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MIT student blogger Laura N. '09

Happiness in threes by Laura N. '09

Okay, so I just figured out how to add the Spanish keyboard to my OS and switch between English and Spanish, so I can now write with accent marks and such in plain text, and this makes me so, so happy. Umm…it’s kind of pathetic, I suppose, that I just figured out how to do this. But still. Happy!

Another thing that made me happy this week was getting an email from one of my coworkers, sending me information that might be useful for my internship. I know I haven’t explained much about my project yet (I’ll get to it later, I’m about to go to sleep…), but basically, it will potentially involve re-programming a WiiMote. To that end, my coworker sent me some links to a project that his friend had worked on, which involved using the WiiMote to control robots.

http://www.iearobotics.com/proyectos/friki-apps/wii-servo-linux/wii-servo.html
(As it turns out, “friki” is the Spanish slang word for what we would call “geeky.” I am learning so much useful vocabulary over here, it’s great.)

He also sent me some information on some libraries his friend had written for this project. The best part? They’re written in Python, the only programming language I know. Win!

One more thing that’s making me happy right now- Adelaide ’09 is visiting Madrid! We walked over a huge portion of the city today, and I was proud of myself to discover that I actually have a pretty decent idea of where things are. The highlight of the night was definitely the play we saw- La Importancia de Llamarse Ernesto. Yes, that’s right, we saw a modern, Spanish interpretation of the Oscar Wilde Victorian Era comedy, and it ROCKED.

Anyway, I’m going to sleep, we have some museums to visit bright and early tomorrow.

One bonus about the weekend? I might finally have some pictures to post of Madrid.

Hasta luego!

17 responses to “Happiness in threes”

  1. anon says:

    first on the double psot yay

  2. Will says:

    You need to post it one more time!!!

  3. Anonymous says:

    Almost first. . .

  4. RobotGrrl says:

    The Arduino has some pretty neat stuff for the Wii’s too… if that helps smile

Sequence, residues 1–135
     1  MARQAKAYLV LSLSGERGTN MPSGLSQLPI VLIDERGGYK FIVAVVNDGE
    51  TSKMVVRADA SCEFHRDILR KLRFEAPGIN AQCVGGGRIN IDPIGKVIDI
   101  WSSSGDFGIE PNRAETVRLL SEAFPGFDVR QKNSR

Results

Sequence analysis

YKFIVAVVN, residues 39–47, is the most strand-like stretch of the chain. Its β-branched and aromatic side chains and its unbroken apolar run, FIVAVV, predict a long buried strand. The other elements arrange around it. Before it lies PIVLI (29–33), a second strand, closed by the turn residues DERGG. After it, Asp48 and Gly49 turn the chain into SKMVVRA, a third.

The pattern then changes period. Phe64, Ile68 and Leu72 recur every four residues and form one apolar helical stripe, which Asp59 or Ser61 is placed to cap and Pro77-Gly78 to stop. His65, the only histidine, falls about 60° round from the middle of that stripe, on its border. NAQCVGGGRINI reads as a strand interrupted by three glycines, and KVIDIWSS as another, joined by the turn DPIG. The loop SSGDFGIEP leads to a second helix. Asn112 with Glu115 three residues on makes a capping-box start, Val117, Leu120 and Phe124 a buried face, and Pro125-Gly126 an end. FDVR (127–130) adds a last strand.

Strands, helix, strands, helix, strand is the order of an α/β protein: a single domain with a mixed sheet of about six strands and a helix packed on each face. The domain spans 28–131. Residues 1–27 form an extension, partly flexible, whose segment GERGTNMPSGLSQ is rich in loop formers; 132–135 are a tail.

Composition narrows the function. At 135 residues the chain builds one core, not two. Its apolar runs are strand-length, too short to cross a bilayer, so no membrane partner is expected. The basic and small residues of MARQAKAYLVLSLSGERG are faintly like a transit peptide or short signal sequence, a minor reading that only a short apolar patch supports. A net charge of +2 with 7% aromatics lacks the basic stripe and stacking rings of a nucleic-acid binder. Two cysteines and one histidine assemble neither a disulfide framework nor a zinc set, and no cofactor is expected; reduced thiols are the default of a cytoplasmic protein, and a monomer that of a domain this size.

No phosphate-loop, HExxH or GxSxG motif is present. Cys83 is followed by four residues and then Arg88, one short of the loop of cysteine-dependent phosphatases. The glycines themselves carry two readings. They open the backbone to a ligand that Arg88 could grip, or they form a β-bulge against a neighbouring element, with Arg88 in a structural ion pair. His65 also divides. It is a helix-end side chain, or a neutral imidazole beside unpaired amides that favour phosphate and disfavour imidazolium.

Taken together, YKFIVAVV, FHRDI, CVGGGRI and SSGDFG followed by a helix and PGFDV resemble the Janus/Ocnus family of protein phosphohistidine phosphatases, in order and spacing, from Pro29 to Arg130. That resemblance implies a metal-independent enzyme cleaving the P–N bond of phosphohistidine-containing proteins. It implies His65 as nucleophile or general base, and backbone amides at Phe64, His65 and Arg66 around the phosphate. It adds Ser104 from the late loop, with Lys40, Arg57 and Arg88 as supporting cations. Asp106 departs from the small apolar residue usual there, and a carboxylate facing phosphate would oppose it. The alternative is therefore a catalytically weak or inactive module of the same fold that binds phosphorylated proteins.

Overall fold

Plus you can always have Processing visualize the data received from the Arduino, which could be cool for a game, specs, or whatever

    Have fun!

  5. Which OS are you running and if it is linux, (I’m running Ubuntu, but will switch to Athena at some point) how did you reconfigure the keyboard?

  6. Will you basically reverse-engineer the code behind the WiiMote chip? Are you changing or improving its motion sensors?

  7. Aditi says:

    “Look she’s so friki” actually sounds more respectable than “Look she’s so geeky” (?)

    Thats probably the sleep deprivation talking.

    Have fun!

  8. Enas'12 says:

    FIRST!! raspberry Just to tease the people who always do it wink

    Laura, Madrid sounds great… I have a friend living there and she loves it… If you want recommendations on what to do/where to go, ask me and I’ll try and get you the info wink

  9. Karen says:

    Friki is pretty cute, but can you say “you’re creepy” in Spanish? I need some sassy phrases to make the busboys at work stop flirting with me…as the resident master of sass, this should be no problem for you, right? smile

  10. lulu says:

    dude what the heck the spanish title is a complete disambiguation of the english title hence all the cleverness of it is gone :( laaame

  11. sam r. '12 says:

    Its great that u were able to fix ur keyboard, I always change to the spanish one to use the ñ , when i write in spanish. Im surprise u actually use acentos, everybody hates them here. And never heard some use “friki” to describe geeky, thats so weird. Love to see the madrid pics soon!

    @Karen: call them “raritos” (RA-ree-toos)

  12. Omar '12 says:

    Wow, that’d be really cool to work with a wiimote. Hmm, out of curiosity, what language are you using to reprogram it?

  13. Meagan says:

    “Friki” reminds me too much of “wiki,” which for some reason amuses me. I think that wikis are inherently geeky and thus the term is quite appropriate.

    Anyways, could you please do an entry on some of colloquialisms that you are learning? That would be awesome. :]

  14. pradeep says:

    One more thing i hope is gonna make you happy is that i am writing you. This is coz i liked your blog writings. Go on…

  15. Will '12 says:

    busco que es MUCHO mas facil si usas la teclista “United States-International” en vez de la teclista espanol, porque no vas a tener que aprender la teclista “AZERTY.” Google-lo smile

  16. @ Will ’12: Yeah, AZERTY sucks. Agreed. One thing I’ll be glad to get back when I leave France is the good ol’ QWERTY keyboard.

    @ Lulu: Yes, that’s true, but the fact is that it doesn’t translate very well. There’s no such thing in Spanish as the adjective “ernesto” meaning “earnest”. The way they dealt with it in the play was to say something like “I’ve always wanted to marry someone named Ernesto, because it rhymes with ‘honesto’ (honest, so it’s close to the same meaning as ‘earnest’)”. It actually worked really well, despite the minor setback of losing the title pun, and this version in Spanish was even funnier than the English performance of it I saw a few years ago.

    @ Laura: Hey, can you tell me how to change the keyboard? My accents aren’t working for French anymore, so I have to reinstall the French Canadian keyboard, and I can’t figure out how to do it.

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